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I collected 200′000 data records from a major accommodation website in the United States and will compare this data with external factors like crime data, population, economy growth, tourism popularity and so on.

The rental data include, among other things, the price and the coordinates. The next step will be to analyze these coordinates. Does somebody know an interesting website, where I can have access to external factors with coordinates. Thank you for your help

  • Hoi Severin - I removed the name of the website, because it's against ToS to scrape. If you obtained the data in another way, then please indicate so in the question. Grüss aus Zürich – philshem Sep 23 '16 at 8:44
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If you found non-aggregate data based on latitude/longitude, then you'd still need some algorithm to map your point to the nearest measurement coordinates - which is not trivial. It's unlikely to find US-wide "incident-level" data, whereas most data will be aggregated to some geographical region and time frame.

For that reason, I think most demographic, economic, environmental and crime data will be only mappable from aggregates like zip code, city or municipality, voting district, county and state. You can create a simple mapping table between all your latitude/longitude combinations and then which zip code, municipality, etc they belong to. For 200k records, you probably can't use Google Maps Reverse Geocoding (also due to license):

https://maps.googleapis.com/maps/api/geocode/json?latlng=40.714224,-73.961452

But OpenStreeMap provides reverse geocoding as well

http://nominatim.openstreetmap.org/reverse?format=json&lat=40.714224,-73.961452&zoom=18&addressdetails=1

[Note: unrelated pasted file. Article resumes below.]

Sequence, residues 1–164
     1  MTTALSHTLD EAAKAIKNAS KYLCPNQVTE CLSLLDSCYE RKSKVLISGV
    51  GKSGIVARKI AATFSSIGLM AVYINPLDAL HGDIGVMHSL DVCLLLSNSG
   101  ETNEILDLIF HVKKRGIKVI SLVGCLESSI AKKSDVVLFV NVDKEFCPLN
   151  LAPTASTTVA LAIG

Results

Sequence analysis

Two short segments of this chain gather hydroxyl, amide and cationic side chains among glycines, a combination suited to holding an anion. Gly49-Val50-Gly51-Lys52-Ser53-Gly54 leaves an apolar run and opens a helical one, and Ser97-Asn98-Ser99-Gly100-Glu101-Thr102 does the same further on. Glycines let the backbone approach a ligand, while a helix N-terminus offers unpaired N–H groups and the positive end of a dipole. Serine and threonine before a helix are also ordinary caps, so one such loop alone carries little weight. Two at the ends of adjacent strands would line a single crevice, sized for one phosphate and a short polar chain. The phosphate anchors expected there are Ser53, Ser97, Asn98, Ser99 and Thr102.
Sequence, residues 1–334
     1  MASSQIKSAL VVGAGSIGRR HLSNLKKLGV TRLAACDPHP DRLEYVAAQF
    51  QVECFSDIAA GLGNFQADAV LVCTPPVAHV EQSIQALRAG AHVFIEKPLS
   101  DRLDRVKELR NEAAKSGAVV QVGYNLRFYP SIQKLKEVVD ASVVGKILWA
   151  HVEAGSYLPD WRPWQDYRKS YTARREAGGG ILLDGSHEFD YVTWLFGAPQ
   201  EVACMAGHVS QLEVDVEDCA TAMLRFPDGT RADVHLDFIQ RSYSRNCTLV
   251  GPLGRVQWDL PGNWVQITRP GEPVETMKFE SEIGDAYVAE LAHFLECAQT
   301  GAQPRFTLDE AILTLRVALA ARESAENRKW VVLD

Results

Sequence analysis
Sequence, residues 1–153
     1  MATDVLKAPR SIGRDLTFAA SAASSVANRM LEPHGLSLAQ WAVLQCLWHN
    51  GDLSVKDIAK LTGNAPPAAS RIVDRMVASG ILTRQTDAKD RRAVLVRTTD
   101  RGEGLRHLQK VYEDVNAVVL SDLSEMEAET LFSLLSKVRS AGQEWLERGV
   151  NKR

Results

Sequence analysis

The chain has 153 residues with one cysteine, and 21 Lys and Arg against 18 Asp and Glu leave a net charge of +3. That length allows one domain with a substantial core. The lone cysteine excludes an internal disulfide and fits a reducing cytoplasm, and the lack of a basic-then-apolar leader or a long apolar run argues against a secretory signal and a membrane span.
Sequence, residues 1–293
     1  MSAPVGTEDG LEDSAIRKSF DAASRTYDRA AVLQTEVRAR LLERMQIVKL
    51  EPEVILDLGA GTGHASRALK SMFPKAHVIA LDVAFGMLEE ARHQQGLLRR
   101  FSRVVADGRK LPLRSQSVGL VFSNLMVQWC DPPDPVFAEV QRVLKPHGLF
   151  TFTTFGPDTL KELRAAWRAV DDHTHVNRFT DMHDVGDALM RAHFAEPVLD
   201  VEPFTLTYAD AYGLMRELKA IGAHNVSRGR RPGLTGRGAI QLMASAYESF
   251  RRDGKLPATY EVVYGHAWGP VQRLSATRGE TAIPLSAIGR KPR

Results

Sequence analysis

Geonames is another resource for reverse geocoding.

Whatever API service you use, make sure you understanding the quotas, and that you also have a good strategy for importing all the data to a local database (or file archive). This way you can do the reverse geocoding once for all your records, over a period of days or weeks, and then not need any more queries.

Once you have your latitude/longitude mapped to geographical regions, there are tons of resources at data.gov to start to join to your original dataset. (Don't forget about season differences!)


Sidenote - for those using zip codes - check out this research that shows how zip codes masked the contaminated water crisis in Flint, Michigan.

Their ZIP code data included people who appeared to live in Flint and receive Flint water but actually didn't, making the data much less accurate than it appeared.

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    Thanks a lot for your great and detailed answers, it help me a lot – Severin Sep 23 '16 at 17:02

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